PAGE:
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  • Flow cytometry technique detects translocating proteins

Mar 2008
Gary Boas

Detecting the translocation of proteins from one subcellular compartment to another is of interest to many researchers because translocation can reflect significant events in signal transduction in living cells. The protein-tyrosine kinase Syk offers an example. Syk is crucial to the survival, proliferation and differentiation of B lymphocytes, and the protein’s translocation is part of its role in signal transduction for each process.

Conventional techniques used for such detection are limited, though. Investigators have used subcellular fractionation/Western blotting or have imaged low numbers of cells; however, these techniques either do not offer the high throughput recommended for studying entire cell populations, or they provide only averaged information from the populations.

In a paper published in the Feb. 15 issue of Analytical Chemistry, researchers with Purdue University in West Lafayette, Ind., reported a technique they refer to as electroporative flow cytometry, which they used to address these shortcomings. With information acquired from single cells, they were able to distinguish populations in which translocation had occurred from those in which it had not — thus achieving high-throughput detection without resorting to averaged information.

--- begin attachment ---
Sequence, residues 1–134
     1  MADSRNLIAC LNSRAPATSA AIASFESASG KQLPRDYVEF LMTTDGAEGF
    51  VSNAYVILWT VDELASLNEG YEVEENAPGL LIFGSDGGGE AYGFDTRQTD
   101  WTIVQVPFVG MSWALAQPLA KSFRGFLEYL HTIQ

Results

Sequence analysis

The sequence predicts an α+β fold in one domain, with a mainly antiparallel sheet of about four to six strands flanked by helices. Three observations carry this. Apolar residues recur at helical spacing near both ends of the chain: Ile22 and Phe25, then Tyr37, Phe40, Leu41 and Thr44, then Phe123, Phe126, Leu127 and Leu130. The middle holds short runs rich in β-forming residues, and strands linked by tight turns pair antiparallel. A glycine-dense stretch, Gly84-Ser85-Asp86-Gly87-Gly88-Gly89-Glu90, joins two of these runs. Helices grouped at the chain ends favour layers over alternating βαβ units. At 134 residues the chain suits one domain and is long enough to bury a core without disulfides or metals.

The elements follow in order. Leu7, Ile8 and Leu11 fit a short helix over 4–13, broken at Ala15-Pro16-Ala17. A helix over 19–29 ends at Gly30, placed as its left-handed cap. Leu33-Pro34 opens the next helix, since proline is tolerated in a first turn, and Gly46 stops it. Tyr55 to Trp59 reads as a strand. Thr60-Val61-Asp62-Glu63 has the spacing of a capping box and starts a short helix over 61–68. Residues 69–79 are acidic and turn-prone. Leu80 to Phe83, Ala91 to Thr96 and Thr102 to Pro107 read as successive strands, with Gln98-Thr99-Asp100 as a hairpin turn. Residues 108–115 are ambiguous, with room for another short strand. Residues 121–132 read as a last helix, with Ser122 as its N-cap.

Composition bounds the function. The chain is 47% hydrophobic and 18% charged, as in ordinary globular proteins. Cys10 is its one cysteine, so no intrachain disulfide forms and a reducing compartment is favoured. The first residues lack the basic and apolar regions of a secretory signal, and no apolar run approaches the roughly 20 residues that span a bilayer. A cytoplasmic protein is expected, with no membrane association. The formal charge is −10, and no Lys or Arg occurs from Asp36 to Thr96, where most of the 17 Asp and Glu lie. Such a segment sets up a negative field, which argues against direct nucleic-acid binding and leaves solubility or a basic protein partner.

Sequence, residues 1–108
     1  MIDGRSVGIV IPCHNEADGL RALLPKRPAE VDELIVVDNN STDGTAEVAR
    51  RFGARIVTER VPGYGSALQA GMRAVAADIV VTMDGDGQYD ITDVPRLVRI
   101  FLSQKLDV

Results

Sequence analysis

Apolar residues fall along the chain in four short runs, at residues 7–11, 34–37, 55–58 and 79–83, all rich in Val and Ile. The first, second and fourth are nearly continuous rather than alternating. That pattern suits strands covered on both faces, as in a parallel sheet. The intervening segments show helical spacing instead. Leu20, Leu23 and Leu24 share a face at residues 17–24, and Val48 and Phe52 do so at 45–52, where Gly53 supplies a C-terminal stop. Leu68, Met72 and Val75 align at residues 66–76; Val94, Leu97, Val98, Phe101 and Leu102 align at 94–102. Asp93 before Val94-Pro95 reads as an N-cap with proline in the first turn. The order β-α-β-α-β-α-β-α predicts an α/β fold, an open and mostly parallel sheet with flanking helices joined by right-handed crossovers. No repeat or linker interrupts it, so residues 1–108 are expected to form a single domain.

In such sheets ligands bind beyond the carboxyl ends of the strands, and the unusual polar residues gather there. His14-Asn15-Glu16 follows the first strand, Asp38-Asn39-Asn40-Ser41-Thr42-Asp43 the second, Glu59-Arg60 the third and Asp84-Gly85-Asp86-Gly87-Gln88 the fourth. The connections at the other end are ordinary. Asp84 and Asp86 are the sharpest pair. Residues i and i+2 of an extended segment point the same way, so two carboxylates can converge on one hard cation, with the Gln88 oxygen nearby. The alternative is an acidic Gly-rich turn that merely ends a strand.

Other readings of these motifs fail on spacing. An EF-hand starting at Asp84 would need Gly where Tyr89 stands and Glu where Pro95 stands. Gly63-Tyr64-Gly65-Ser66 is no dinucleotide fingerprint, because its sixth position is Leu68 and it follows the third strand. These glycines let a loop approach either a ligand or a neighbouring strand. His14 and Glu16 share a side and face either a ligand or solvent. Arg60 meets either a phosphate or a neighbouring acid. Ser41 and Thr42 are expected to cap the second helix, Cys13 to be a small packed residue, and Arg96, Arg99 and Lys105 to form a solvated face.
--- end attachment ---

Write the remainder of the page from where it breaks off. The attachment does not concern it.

Researchers have reported a technique they refer to as electroporative flow cytometry. The method enables high-throughput detection of protein translocation because the amount of material remaining in a cell after electroporation in this case, the material is the protein Syk, tagged with enhanced GFP correlates with whether or not translocation has occurred. Image courtesy of Chang Lu, Purdue University.

Electroporation is the result of a cell encountering an electrical field with a certain intensity: The electrical field induces the opening of pores in the cellular membrane, leading to the release of intracellular materials into the surrounding solution.

Using a homemade microfluidic device mounted on an Olympus inverted fluorescence microscope, the scientists showed that the amount of enhanced GFP-tagged Syk remaining in the cells after electroporation correlated with whether or not translocation of the protein had occurred. Furthermore, they demonstrated that by detecting translocation based on the release of intracellular kinase in individual cells, they could uncover characteristics of the entire cell population.

The researchers noted that the technique could contribute to kinase-related drug discovery as well as to tumor diagnosis and staging, since the translocations often are involved in oncogenesis and other similar disease processes.

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